The user interface 130 allows a user to specify queries that extract data of interest from the data stores 110. The extraction tool 120 employs a navigation metadata data store 170 that stores, among other things, selected lot history information associated with the lots that are processed through the fabrication process. Wafers processed through the manufacturing system are typically grouped into lots (e.g., 25-40 wafers). Within a test facility, individual die are also grouped into lots, albeit much larger in size (e.g., 1000 die). Typically, there is no correlation between lot numbers during fabrication and lot numbers during testing. Although the following description focuses on grouping wafers by lots, the principles may also be applied to single wafer processing environments.
In general, the navigation metadata data store 170 allows the extraction tool 120 to determine, without querying the data stores 110, the potential locations for data of interest specified by the user. The term “metadata” refers to data about data. In the context of the data management system 100, the metadata relates to lot history data that indicates if a lot has been processed at a process flow event in the past, thereby indicating that data regarding that lot may exist in the data stores 110. By evaluating the metadata, the extraction tool 120 may determine if it is likely that data exists for a particular time frame, lot, and process flow event.
The navigation metadata data store 170 may be populated periodically (e.g., once per shift) by running a lot history query on the data stores 110. The extraction tool 120 or a different entity may perform the periodic population queries. Using the navigation metadata data store 170 allows the extraction tool 120 to generate targeted queries for accessing the data stores 110, which may be served in a greatly reduce time frame as compared to less focused queries that may have multiple wildcards or similar ambiguities.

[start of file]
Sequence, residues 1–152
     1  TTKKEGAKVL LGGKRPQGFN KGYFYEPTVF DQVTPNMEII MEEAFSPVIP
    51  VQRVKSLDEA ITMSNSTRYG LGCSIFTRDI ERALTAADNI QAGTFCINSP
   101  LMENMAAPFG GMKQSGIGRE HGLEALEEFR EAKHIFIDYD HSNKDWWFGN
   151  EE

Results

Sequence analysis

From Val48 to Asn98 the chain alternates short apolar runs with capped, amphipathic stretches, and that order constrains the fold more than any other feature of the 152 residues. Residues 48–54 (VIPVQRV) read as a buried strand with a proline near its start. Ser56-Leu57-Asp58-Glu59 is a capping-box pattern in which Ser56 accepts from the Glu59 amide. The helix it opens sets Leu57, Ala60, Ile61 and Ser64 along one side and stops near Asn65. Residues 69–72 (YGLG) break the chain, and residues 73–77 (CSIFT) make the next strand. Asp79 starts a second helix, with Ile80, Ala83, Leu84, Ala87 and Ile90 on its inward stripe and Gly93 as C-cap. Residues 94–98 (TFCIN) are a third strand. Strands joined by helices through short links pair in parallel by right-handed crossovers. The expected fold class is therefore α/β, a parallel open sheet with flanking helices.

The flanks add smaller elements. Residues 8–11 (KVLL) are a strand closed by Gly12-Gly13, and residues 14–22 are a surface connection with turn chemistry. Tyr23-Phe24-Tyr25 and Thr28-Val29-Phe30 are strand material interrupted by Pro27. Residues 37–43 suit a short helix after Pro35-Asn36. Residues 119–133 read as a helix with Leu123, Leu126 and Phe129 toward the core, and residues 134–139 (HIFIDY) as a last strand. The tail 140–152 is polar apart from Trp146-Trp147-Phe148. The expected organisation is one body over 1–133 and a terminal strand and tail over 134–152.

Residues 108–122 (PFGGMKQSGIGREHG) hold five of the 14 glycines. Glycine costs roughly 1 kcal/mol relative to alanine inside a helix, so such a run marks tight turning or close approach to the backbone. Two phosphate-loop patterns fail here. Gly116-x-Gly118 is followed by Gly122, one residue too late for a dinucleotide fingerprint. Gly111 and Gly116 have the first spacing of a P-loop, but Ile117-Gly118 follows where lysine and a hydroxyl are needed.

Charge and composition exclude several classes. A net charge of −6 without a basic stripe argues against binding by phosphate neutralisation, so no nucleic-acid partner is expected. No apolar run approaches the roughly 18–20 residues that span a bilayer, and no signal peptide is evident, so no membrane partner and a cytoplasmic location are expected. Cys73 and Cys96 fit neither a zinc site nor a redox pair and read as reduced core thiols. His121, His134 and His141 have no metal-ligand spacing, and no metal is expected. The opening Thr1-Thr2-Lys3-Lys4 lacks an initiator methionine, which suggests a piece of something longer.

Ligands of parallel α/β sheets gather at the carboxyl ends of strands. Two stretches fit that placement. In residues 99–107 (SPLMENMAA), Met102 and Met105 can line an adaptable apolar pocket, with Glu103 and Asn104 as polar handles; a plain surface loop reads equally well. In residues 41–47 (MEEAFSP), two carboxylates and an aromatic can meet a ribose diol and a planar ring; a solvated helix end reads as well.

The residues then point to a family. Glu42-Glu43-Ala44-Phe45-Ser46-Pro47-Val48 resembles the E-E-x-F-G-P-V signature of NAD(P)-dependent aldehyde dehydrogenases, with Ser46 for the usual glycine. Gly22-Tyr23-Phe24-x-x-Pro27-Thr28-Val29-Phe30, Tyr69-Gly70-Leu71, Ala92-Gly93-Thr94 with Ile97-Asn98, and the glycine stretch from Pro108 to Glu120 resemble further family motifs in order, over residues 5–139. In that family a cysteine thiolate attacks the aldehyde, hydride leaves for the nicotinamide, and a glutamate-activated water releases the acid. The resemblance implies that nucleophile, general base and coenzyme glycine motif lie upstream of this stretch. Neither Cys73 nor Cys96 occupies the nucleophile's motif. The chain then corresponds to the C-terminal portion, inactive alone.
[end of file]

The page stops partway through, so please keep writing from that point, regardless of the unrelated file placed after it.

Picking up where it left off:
In the illustrated embodiment, the extraction tool 120, modular extraction engine 125, and user interface 130 are implemented using computers programmed with software to implement the functions described. However, as will be appreciated by those of ordinary skill in the art, a hardware controller designed to implement the particular functions may also be used. Moreover, the functions performed by the extraction tool 120, modular extraction engine 125, and user interface 130, as described herein, may be performed by a combined entity or by multiple devices distributed throughout a system.
Portions of the disclosed subject matter are presented in terms of software, or algorithms and symbolic representations of operations on data bits within a computer memory. These descriptions and representations are the ones by which those of ordinary skill in the art effectively convey the substance of their work to others of ordinary skill in the art. An algorithm, as the term is used here, and as it is used generally, is conceived to be a self-consistent sequence of steps leading to a desired result. The steps are those requiring physical manipulations of physical quantities. Usually, though not necessarily, these quantities take the form of optical, electrical, or magnetic signals capable of being stored, transferred, combined, compared, and otherwise manipulated. It has proven convenient at times, principally for reasons of common usage, to refer to these signals as bits, values, elements, symbols, characters, terms, numbers, or the like.
It should be borne in mind, however, that all of these and similar terms are to be associated with the appropriate physical quantities and are merely convenient labels applied to these quantities. Unless specifically stated otherwise, or as is apparent from the discussion, terms such as “processing” or “computing” or “calculating” or “determining” or “displaying” or the like, refer to the action and processes of a computer system, or similar electronic computing device, that manipulates and transforms data represented as physical, electronic quantities within the computer system's registers and memories into other data similarly represented as physical quantities within the computer system memories or registers or other such information storage, transmission or display devices.